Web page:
The Christmas Repeal

BBC Radio 4’s Today Programme are doing their annual listener vote. Listeners can suubmit suggestions for UK Laws which need repealing.

Please participate in this and get some of the rediculous laws that have been passed recently by government taken back off the statute books.

Some of the laws you may wish to consider are:

Human Rights

With reference to Rachel from north London’s blog, I would like to draw people’s attention to the gradual erosion of our Human Rights in the UK.

On the government’s own website it says that our rights include:

  • freedom of expression
  • freedom of assembly and association

So, freedom of expression… is that not being permitted to express your opinion in a public forum even if others may disagree with you? The UN have decreed in the Universal Declaration of Human Rights that:

Everyone has the right to opinions without interference and to seek, receive and impart information and ideas through any media and regardless of frontiers.

The UN regard things like war propaganda, incitement to violence and certain forms of hate speech as outside the remit of freedom of expression.

With regards to freedom of assembly and association, Wikipedia states that [ref]:

Freedom of assembly is the freedom to associate with, or organize any groups, gatherings, clubs, or organizations that one wishes. It is held to be a key right in liberal democracies, where by citizens may form or join any political party, special interest group, or union without government restrictions. In legal systems without freedom of assembly, certain political parties or groups can be banned with harsh penalties for any members. Public protests against the government are usually banned as well.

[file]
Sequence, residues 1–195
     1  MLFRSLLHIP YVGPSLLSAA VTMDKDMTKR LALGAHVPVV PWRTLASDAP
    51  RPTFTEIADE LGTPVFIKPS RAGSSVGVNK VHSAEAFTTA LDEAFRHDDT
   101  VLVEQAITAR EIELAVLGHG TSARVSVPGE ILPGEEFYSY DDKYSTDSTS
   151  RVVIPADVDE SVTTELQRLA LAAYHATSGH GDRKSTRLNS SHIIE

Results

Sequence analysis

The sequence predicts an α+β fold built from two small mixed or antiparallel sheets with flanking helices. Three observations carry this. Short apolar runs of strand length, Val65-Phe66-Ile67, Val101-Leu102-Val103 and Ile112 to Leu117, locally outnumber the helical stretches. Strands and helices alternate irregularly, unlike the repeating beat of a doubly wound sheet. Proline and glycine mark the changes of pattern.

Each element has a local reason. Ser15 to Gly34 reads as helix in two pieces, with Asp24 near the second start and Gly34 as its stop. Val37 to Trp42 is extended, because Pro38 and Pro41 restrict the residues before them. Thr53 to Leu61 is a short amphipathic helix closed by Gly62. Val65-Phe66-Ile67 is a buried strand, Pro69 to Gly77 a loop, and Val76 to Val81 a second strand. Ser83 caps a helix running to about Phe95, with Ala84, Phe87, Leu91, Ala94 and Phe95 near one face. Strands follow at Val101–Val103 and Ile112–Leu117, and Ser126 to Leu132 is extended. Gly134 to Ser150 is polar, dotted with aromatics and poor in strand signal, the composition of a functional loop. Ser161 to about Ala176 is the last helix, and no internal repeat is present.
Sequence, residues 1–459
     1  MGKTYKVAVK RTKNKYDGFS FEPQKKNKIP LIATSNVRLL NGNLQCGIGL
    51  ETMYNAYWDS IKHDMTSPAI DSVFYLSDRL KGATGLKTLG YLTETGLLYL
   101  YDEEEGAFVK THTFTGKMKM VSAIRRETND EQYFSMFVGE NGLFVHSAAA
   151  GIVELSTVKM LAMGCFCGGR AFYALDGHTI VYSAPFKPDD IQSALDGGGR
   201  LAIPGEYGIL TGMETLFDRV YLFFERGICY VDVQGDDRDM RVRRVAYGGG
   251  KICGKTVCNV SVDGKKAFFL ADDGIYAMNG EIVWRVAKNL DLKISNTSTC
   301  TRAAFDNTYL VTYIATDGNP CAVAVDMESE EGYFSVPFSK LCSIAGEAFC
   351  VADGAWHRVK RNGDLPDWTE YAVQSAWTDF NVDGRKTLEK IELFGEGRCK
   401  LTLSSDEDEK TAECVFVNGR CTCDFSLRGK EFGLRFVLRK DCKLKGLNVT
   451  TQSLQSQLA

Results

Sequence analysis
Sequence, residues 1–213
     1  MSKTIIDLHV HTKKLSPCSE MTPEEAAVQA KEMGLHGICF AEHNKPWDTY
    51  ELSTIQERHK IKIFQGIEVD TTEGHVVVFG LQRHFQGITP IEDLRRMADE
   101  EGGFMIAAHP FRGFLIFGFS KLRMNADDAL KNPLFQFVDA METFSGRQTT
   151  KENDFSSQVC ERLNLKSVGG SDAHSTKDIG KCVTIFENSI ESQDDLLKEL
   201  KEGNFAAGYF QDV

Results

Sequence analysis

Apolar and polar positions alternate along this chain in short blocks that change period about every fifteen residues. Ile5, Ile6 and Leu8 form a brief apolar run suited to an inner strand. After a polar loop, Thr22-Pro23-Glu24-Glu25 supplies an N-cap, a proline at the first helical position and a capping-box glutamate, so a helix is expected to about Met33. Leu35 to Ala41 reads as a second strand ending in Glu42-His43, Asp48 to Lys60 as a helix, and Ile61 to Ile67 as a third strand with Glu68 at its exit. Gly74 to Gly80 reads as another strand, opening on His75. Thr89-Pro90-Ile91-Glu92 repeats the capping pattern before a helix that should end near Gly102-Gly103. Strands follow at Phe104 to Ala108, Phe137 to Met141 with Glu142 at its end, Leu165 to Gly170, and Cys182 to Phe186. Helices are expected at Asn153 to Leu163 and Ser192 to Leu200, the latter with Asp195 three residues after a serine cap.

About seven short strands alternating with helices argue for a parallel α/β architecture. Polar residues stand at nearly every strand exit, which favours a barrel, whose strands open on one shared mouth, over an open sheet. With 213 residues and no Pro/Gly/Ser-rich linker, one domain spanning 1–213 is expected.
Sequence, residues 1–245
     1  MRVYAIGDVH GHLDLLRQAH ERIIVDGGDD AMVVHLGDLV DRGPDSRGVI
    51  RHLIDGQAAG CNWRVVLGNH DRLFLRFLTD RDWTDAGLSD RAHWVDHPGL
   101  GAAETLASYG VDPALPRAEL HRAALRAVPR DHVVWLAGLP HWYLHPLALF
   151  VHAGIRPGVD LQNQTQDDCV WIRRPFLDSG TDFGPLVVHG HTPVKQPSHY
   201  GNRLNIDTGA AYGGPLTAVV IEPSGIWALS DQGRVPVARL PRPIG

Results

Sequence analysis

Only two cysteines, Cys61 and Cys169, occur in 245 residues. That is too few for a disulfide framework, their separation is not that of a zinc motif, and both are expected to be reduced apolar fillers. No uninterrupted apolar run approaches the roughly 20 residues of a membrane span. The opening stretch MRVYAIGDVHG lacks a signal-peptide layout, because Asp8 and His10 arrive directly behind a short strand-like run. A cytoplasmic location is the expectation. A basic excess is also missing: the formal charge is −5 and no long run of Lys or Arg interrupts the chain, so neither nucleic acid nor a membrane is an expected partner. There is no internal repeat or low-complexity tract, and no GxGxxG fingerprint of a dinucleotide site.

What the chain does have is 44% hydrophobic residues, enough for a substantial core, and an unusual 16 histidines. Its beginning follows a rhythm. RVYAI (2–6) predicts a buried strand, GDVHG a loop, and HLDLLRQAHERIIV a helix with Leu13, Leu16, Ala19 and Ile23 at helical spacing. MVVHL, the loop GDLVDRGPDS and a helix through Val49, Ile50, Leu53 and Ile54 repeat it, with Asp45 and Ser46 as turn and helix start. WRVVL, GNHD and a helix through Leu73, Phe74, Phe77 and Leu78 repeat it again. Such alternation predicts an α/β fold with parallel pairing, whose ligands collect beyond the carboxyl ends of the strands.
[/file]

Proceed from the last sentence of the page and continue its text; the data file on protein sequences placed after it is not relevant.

In 2005, the people of the United Kingdom were restricted from demonstrating in the vicinity of Parliament by the Serious Organised Crime and Police Act. This act requires anyone wishing to demonstrate within a half mile of Parliament to get authorisation to do so. The main reason for this piece of legislation being a single man demonstrating against the war in Iraq, Brian Haw, which some members of the government have found to be distasteful.

Is this the sort of thing an elected body of MPs should be doing? Restricting the people’s ability to let them know, in times of civil unrest, what their views are? Should we allow them, once they’ve been elected, to shut themselves away from the nasty world outside and silence those who hold and wish to express conflicting views.

As a nation we have, in the past, condemned regimes which have limited the freedoms of people in this way. Is this, in fact, the same sort of regime we wish to be governed by?

I don’t.